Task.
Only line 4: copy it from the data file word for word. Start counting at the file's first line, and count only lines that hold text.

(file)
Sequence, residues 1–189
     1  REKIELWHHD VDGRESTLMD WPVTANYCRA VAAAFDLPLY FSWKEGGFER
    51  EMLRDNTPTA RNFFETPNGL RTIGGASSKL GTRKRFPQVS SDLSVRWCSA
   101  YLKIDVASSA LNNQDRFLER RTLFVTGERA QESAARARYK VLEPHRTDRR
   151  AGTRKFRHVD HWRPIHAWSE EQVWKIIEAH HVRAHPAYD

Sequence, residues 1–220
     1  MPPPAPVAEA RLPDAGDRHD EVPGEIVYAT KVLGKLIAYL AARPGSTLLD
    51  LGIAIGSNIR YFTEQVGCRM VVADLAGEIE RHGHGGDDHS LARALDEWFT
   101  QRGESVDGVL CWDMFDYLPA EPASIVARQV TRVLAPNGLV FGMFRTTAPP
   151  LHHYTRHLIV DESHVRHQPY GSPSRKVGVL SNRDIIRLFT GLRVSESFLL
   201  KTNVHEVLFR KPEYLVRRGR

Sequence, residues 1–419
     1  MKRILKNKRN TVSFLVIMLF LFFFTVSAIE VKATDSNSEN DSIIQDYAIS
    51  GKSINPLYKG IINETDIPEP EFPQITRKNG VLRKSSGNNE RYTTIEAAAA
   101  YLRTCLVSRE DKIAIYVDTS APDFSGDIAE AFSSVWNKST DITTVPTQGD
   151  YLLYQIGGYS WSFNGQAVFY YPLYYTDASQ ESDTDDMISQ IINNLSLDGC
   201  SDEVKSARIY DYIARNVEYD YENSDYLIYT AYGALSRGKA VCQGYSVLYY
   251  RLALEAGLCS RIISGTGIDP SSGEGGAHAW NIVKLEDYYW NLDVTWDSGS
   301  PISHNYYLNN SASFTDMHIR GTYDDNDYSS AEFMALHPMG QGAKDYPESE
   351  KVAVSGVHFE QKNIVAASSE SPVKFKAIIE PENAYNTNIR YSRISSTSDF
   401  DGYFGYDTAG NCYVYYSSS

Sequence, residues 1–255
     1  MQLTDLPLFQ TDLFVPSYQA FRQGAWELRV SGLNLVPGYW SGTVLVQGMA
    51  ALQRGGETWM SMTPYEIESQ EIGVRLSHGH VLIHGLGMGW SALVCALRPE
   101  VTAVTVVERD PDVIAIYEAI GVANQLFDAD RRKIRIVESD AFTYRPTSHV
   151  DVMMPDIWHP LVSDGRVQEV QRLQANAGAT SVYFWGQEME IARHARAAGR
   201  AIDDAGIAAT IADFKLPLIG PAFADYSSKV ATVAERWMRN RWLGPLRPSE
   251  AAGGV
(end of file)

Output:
   101  YLKIDVASSA LNNQDRFLER RTLFVTGERA QESAARARYK VLEPHRTDRR